One alternative to the agrarian/sedentarism proposal is Wrangham’s “self-domestication” hypothesis.[xviii] He proposes that it was precisely cooperativity norms—so important that violators had less reproductive success and bred out—that ironically yielded hierarchy and the systemic policing of the in-group by force. As checking a cooperativity violator was of prime importance, any person or gang able to stop the violator—most effectively by killing him—would emerge as the strongman able to rule the group by threat of similar violence. Yet this leaves questions open: what changes in competitive regime made cooperativity violations meriting killing seem reasonable risks in societies where people had long been acculturated to “evolutionarily advantageous” hyper-cooperativity?[xix] Assuming episodic violations, severe norm violators were bred out, which argues, on Wrangham’s calculus, for a decrease in societal aggression. What factors made robust egalitarian cultures, which had sustained hunter gatherers for millennia, suddenly collapse before an ambitious gang?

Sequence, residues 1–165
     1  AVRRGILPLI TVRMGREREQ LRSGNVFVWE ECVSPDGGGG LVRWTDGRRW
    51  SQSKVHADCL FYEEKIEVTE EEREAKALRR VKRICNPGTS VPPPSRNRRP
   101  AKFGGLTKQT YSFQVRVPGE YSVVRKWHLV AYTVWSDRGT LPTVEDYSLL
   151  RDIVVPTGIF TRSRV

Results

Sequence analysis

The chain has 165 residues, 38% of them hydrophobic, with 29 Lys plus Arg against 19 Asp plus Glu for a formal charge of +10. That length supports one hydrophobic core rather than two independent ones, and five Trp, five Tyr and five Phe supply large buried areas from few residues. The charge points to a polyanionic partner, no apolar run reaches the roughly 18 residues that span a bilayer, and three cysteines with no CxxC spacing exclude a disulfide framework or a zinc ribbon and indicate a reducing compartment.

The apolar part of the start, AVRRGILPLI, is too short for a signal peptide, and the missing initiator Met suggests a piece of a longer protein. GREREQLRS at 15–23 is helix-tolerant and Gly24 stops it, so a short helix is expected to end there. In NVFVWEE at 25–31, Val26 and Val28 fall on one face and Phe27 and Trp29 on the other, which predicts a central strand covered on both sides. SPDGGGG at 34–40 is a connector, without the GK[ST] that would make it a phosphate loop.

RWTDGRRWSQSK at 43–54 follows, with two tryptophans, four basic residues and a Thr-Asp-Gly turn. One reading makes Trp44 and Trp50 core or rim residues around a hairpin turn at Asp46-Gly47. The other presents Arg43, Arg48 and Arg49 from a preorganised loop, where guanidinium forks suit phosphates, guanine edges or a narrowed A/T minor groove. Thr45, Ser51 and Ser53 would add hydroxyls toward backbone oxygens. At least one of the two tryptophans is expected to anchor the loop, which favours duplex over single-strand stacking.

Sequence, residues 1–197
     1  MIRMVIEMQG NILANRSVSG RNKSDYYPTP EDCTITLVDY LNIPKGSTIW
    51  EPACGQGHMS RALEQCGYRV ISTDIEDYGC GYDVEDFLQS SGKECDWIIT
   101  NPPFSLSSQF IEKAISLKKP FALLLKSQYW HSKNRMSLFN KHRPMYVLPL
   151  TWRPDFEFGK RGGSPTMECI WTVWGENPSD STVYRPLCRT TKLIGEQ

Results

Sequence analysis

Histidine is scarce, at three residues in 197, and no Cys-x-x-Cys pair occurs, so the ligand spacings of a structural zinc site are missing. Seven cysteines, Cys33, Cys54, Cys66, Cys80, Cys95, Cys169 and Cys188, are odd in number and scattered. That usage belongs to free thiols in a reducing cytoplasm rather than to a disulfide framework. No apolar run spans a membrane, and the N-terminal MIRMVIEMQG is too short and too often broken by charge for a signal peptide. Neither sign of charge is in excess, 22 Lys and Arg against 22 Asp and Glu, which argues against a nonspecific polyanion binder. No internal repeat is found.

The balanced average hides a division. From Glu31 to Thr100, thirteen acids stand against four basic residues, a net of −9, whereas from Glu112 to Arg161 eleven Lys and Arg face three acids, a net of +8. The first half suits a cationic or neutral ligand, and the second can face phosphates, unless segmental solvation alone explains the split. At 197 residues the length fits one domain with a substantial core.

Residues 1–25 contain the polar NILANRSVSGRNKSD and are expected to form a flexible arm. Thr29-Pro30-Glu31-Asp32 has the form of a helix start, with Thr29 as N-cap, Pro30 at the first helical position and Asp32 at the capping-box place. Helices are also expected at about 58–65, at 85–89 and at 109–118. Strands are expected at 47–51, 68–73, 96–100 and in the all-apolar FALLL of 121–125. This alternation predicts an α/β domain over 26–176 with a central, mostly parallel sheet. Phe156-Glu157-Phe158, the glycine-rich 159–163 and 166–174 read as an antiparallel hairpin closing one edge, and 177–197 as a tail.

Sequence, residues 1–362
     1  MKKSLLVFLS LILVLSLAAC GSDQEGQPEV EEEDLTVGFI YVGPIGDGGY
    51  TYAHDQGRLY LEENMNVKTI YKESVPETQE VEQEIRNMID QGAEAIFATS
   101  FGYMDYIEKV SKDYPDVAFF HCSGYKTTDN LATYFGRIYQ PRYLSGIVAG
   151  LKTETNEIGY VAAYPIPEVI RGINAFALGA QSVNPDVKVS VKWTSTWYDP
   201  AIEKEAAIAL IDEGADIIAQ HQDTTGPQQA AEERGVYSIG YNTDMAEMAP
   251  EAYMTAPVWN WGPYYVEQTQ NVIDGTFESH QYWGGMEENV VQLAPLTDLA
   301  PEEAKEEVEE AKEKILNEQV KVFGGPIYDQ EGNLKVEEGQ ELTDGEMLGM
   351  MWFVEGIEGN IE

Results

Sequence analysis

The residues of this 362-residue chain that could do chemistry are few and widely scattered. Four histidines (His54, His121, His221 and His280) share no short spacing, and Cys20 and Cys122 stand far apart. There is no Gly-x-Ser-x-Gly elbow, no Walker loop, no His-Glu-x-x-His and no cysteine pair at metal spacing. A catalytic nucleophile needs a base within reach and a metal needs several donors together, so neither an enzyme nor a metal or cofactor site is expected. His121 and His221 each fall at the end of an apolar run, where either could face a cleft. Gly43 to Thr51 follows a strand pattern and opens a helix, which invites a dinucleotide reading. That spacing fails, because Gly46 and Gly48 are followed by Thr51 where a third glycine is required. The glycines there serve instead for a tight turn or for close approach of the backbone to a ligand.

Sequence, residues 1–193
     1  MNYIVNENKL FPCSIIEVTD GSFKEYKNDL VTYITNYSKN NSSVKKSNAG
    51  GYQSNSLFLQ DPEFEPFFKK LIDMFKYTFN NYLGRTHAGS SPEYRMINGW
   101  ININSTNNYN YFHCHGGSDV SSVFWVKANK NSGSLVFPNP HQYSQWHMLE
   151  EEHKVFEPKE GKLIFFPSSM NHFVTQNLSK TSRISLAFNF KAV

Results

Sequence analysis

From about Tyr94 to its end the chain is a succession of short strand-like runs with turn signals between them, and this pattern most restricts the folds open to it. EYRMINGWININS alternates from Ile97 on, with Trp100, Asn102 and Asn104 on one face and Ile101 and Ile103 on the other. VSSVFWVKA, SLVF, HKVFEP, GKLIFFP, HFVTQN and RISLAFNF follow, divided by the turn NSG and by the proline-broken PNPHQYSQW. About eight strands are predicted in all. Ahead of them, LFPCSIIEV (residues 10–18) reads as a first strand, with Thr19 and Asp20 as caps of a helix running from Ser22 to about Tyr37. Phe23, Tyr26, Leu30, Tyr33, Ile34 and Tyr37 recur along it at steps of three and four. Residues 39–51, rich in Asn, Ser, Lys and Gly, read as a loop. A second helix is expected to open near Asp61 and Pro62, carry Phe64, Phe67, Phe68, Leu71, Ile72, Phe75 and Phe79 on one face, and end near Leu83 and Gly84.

While Girardian theory is most concerned with intra-group mimesis and aggression, I’ll make a few remarks about aggression inter-group. Is intra-group preference, “parochial altruism,”[xx] a sufficient condition for inter-group aggression? We might begin with the benefits of cooperativity among strangers. In a simple example, if persons from separate hunter gatherer bands battle each other to be the only ones to hunt a certain animal, the winner may end with more food. But many will be downed in the fight, the capacity to overpower the animal will be diminished, and chances increase of becoming the animal’s meal rather than making it one’s own. Cooperation may be the better strategy as more people live (and may later reproduce) and chances of succeeding in the hunt rise. Similarly, if one group raids the food cache of another, chances of retaliation are not trivial. Yet, Wrangham notes, “proactive aggression is successful when it involved attacking at low risk of being hurt.”[xxi] Cooperation or non-engagement may be the more productive strategy.